I’m not the neatest person in the world. I once was, however, in the running for the title. My clothes were organized by color in my closet. Everything in its place and a place for everything. I didn’t cook back then, so my kitchen was never a mess. No knick-knacks or bric-a-brac because they just collect dust. I hate to dust. No animals. No roommates. Just me, and a rather small clutter/dirt/mess footprint.
Things Change—People Change
On top of a mother suffering from dementia—who’s a stacker, see my blog Lost But Not Completely Forgotten—I now have three cats and a dog. Only the Jetson’s Rosie could keep up with the fur, but I wouldn’t give the beasties up for anything. And Mom wouldn’t stand for it even if I tried. They bring both of us great joy.
While I was once a minimalist, I have accumulated and clutter is a way of life. Now that I cook, I don’t have near enough kitchen storage for all my pots, pans, gadgets, and appliances. My desk is usually heaped with paper until my cat decides to nest and knock it all to the floor. His subtle way of telling me to clean my desk.
Fundamental Personality Shifts
Dementia changes a person fundamentally, and in ways I never expected but have started to understand. Mom is a neat freak. Always has been. Until now, that is. It’s a new and developing chapter in the inner workings of her brain.
I had noticed even before she moved in with me that her counters always seemed to be packed with food that belonged in a cupboard. Chips. Crackers. Bread. Candy. Stuff she would likely use every day. And this wasn’t like her. I didn’t really think much of it until she moved in with me, though.
My one lingering pet peeve of neatness has been that she still doesn’t put foodstuffs back into the cupboard. I’ve come to realize, though, that the only way she can find things is if they are in plain sight. If it doesn’t pass neutrally before her field of vision, it doesn’t exist. A closed cupboard door might as well be an impenetrable brick wall. And on some level I think she knows this unconsciously. So food never goes back into the cupboard.
Up until about a month ago, it had expanded to her daily ablutions. She’d been “losing” her make-up, and it had made her visibly, physically upset. She would call for me to help, but since I hadn’t made it a habit to look over her shoulder in the bathroom every day, I had no idea what she’d done with her blush, foundation and eyebrow pencil.
It’s not that I had to stop whatever I was doing to embark on a scavenger hunt that troubled me. It was how upset she would get. And it was the slightly veiled accusation that I had somehow “done” something with her stuff. That if she’d never left her condo, everything would be at her fingertips whenever she wanted it.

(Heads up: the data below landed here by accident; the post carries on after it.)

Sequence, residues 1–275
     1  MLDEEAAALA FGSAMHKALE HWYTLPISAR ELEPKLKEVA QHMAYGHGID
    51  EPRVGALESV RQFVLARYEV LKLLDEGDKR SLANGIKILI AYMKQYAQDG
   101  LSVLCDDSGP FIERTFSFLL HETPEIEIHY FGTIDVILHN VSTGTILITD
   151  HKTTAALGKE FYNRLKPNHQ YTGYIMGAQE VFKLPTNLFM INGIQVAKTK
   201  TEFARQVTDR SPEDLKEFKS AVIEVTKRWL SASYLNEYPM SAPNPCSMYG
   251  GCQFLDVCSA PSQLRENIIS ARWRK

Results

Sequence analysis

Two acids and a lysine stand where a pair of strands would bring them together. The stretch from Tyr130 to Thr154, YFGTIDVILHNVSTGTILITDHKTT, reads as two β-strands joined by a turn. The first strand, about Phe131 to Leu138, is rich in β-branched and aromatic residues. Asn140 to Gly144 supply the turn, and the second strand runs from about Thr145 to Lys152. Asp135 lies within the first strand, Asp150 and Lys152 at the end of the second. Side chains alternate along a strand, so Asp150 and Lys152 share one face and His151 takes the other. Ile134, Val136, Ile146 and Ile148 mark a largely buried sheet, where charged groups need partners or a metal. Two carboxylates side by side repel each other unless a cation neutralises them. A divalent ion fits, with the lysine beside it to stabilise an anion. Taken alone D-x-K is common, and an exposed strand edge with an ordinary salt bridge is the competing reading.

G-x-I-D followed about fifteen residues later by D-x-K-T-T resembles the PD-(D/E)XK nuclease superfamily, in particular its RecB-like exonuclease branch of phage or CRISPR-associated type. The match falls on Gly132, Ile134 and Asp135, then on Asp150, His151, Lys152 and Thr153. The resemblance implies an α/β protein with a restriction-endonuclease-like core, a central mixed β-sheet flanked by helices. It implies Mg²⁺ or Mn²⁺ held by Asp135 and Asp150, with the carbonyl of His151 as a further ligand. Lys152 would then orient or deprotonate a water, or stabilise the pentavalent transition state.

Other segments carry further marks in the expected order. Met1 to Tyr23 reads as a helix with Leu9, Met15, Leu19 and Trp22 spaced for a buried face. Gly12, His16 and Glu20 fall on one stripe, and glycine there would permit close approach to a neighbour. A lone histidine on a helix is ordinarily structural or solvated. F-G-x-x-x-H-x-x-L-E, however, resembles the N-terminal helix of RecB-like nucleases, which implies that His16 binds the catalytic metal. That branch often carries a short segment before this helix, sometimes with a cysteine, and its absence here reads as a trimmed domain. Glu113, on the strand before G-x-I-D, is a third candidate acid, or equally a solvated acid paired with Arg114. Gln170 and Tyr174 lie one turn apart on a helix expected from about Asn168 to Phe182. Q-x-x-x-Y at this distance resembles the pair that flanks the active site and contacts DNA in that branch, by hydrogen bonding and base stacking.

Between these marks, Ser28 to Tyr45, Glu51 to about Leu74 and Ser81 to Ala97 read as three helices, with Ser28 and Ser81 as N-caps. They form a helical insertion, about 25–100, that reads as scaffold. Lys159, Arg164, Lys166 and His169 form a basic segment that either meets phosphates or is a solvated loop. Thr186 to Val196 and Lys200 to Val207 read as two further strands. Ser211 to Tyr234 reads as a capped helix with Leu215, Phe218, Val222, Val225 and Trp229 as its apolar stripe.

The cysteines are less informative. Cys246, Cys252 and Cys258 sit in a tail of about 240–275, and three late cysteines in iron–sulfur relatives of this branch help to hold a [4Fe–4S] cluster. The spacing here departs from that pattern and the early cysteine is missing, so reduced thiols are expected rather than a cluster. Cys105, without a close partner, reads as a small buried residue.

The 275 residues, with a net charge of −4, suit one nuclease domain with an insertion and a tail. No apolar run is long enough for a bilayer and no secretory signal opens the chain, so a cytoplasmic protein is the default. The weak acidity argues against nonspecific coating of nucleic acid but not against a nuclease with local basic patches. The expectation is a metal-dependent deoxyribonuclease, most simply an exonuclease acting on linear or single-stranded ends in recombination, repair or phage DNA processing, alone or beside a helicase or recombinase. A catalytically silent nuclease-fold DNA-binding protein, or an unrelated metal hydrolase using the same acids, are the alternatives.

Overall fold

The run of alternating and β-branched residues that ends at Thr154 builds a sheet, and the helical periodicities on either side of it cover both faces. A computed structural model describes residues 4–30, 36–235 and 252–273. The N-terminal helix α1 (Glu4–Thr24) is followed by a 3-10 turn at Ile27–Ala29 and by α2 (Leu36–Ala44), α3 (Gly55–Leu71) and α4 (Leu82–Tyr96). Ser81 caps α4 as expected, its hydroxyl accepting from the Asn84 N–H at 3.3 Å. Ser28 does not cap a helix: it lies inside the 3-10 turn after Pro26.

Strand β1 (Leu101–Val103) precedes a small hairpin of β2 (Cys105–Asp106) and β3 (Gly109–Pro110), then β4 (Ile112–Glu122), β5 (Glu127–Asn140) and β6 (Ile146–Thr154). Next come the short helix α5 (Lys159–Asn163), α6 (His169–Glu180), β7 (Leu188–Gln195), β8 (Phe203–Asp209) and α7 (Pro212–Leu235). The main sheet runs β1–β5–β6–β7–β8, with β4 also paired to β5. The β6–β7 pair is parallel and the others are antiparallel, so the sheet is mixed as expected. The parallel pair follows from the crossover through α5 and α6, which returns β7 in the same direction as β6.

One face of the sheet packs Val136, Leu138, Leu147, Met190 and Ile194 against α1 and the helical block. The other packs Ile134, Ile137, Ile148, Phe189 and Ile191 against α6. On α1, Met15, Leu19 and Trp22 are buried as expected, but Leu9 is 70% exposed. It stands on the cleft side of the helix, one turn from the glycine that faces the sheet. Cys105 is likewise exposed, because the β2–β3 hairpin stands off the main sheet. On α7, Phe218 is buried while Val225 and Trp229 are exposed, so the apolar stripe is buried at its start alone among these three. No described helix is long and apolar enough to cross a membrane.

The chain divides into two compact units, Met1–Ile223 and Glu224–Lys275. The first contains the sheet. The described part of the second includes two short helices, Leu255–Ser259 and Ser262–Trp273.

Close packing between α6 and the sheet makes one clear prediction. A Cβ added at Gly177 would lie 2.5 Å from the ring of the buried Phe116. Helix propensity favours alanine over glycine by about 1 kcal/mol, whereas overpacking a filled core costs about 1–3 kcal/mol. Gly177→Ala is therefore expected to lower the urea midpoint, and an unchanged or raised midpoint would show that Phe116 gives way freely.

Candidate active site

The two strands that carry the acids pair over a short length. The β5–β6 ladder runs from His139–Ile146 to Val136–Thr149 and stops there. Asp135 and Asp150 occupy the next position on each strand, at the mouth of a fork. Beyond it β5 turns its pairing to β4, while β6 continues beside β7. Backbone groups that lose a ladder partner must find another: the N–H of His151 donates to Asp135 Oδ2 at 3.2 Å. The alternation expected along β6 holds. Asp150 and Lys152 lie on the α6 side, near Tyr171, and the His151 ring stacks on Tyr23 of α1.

I don’t take her thinking I have “done” something with her stuff personally. You just can’t. It’s the disease, not anything to do with how she feels about me. But you do have to figure out ways to solve the problem.
I struggled for a while to figure out a solution for the daily make-up caper. Short of a nanny cam or just making sure that I placed all her make-up out on the sink every day, I was at a loss. Then I realized I had an old sewing table I had harvested from my neighbor’s curb that I could upcycle into a make-up vanity. All her make-up, in one location, out in the open. It worked like a charm. Since I set it up, I’ve not had to search for one eyebrow pencil. And she doesn’t get rattled every morning trying to “fix her face.”
“Feng Shui” of Dementia
While I wish I could be one step ahead of her changing needs—all the time—that is just not feasible. One thing I did learn before I moved her in, when I was researching memory care facilities and learning about being her caregiver, is that environment is very important when you are dealing with someone with dementia. While it’s not exactly feng shui, there are ways to make a home more dementia-friendly. Getting over having food that belongs in the cupboard is one step for me. It’s just a new normal.
Another is that I don’t have kitchen cupboard doors. In all honesty, I took them off when I moved into the house with every intention of painting and reinstalling them. But it’s much easier for Mom to find a water glass when it’s staring right at her, and not hiding behind a door.
Why is it different for the dry goods? Because my kitchen is small and I only have one cupboard devoted to food, so it’s pretty packed in there. Even I have trouble finding stuff, sometimes. In a perfect world, I’d design a kitchen for Mom with clear-glass fronted cupboards and enough space so that nothing had to hide behind anything else.
Clearing out her clothes closet was another good thing. Too many choices for someone with dementia are just unhealthy and downright cruel.
I’m sure as we continue down this path together, something else will come up that will require me to make the house more comfortable, and less stressful, for her. Till then, I’m just glad she always knows where her lipstick is.